The popularity of the Kids’ Laps can be gauged by the better-than 70 cars in the hot pits, ready to take to the track.
The Passenger Lap sessions were run behind a pace car to keep the speeds somewhat sane (although one intrepid pace car driver, mindful of not running too slow .a pace, managed to give his passenger a “driver’s eye view” of a 180 in Turn five!). The remainder of the passenger laps were run without incident. Track ceased at 5:30 with the completion of the ladies’ session, and all headed off to their respective hotels/motels/bed and breakfasts for the evening.
The engine room of Ken Thompson’s (Denver, North Carolina) beautiful MkIIB replica, built essentially from scratch, and well-nigh impossible to distinguish from an original MkII.
One of the exciting moments came when Mike Davis (Huntington Beach, California) went a bit wide into Turn 14, and launched his ’66 GT350 thru the chainlink fence. The ‘hook’ returned his wrinkled car to the paddock. Particularly impressive was that Mike’s ‘Stang was back in action and on the track only a few days later.
Archie Urciuoli (Riverside, Connecticut) in J-11 (shown at left), sporting a ’67 MkIV chassis completed in the ’80s. The car is a virtual clone of J-5, the Foyt/Gurney Lemans winner. Here he decelerates for Turn 3.
Tuesday, 15 July: This would be a rerun of the day before, with the exception of the tech seminars beginning at 1:00pm in the tent that would later serve as the dinner/evening program location (more about this later!). The event started some years back as a tech seminar (or rather, series of seminars) “taught” by people with an unusual amount of knowledge on a particular subject. It was the place to learn specific, often intimate details about Shelby machine history. The event changed more to a question-and-answer format beginning several years ago. The highlight for the ’65 and ’66 Tech Tables was the appearance of GT350 Project Engineer Chuck Cantwell. It’s an humbling experience to be sitting at a table, the designated “expert” on the ’66 Shelby, when along comes the man who orchestrated the entire project! A super guy, Cantwell spent a whole bunch of time talking and answering questions about the Mustang.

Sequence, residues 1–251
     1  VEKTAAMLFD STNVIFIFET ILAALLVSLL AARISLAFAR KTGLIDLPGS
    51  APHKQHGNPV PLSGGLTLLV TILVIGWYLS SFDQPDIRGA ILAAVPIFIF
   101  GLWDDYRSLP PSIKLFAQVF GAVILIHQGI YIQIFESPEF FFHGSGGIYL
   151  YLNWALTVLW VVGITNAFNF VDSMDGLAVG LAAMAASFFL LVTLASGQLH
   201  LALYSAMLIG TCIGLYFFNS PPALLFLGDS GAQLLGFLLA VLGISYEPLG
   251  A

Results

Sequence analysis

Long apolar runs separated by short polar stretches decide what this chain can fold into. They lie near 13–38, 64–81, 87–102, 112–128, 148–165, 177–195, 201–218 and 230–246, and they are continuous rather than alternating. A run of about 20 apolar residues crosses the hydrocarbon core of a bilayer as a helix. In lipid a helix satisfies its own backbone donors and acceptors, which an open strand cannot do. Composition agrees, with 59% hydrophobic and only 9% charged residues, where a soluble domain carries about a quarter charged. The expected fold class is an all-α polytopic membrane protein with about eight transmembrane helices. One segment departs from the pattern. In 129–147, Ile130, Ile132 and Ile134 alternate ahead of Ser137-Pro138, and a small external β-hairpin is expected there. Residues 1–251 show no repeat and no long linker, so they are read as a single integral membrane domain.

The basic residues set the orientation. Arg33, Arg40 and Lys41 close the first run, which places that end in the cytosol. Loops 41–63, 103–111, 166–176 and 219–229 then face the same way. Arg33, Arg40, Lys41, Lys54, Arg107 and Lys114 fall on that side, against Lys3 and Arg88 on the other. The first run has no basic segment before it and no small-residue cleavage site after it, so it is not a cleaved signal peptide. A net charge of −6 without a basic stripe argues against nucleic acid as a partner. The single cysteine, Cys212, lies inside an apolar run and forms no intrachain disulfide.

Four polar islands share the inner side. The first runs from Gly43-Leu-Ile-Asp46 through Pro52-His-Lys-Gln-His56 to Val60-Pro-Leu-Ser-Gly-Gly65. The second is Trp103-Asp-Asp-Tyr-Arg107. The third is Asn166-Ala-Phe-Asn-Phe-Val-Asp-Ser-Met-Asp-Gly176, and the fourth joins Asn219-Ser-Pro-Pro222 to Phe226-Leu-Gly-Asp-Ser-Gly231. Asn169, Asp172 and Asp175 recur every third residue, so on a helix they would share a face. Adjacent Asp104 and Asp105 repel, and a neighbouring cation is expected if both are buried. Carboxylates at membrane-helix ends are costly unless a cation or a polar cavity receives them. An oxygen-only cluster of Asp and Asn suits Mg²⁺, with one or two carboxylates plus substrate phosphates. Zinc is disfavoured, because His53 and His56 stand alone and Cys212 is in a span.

Dave Felstein (Terre Haute, Indiana) and CSX2229 at the races. This car has morphed over the years from a mild-mannered (if that term could ever .be rightfully employed to describe a 289 slabside Cobra) street car into a full-blown vintage racer.
Can’t swing an real Cobra or GT40? No problem: there were scale-model kits aplenty in the paddock. These are masterfully executed ceramic car sculptures.
Wednesday, 16 July: This would be the last day of open track, but not of the convention. The day started out fairly normally, with registration, tech, drivers’ meeting and open track-running going off without hitch. By now, all were really getting into the “groove” of open track, and this seemed to be the smoothest-running day of all. The evening would contain the BBQ dinner and evening program, a chance to hear a few words form the guys “who were there,” guys like Chuck Cantwell and Peter Brock, drivers such as Bob Johnson and Tom Payne, and of course, the man with his name on all of our trunk lids, Carroll Shelby
A sky with an attitude: track running continued normally, although there were rumors of some severe thunderstorms in the area, and with this being located in the tornado belt, track safety personnel kept a watchful eye on the weather. Near 3:00pm, it started taking on an unsettling persona. The ladies’ running began, with the sky assuming a dark, ominous tint, although the nasty weather was still to the north. The open track ended, and cars were shut down as the SAAC’ers began filling the big dinner tent. It was about this time that the elements started picking up in tempo. The first hint was when the entire tent started lifting to the heavens (not a good sign); several of the tent poles buckled and the tent sides began wildly flapping in the “breeze.” Then came an public-address system announcement that 70+ mph winds were only five minutes away, and all should head for the nearest under-track tunnel immediately. The tunnel was packed with us SAAC’ers as rain came down in sheets. The tornado winds never really came; the heavy rains finally subsided, and we emerged from the tunnel unscathed. No tornado formed, although there were reports of one touching down a quarter mile from the track.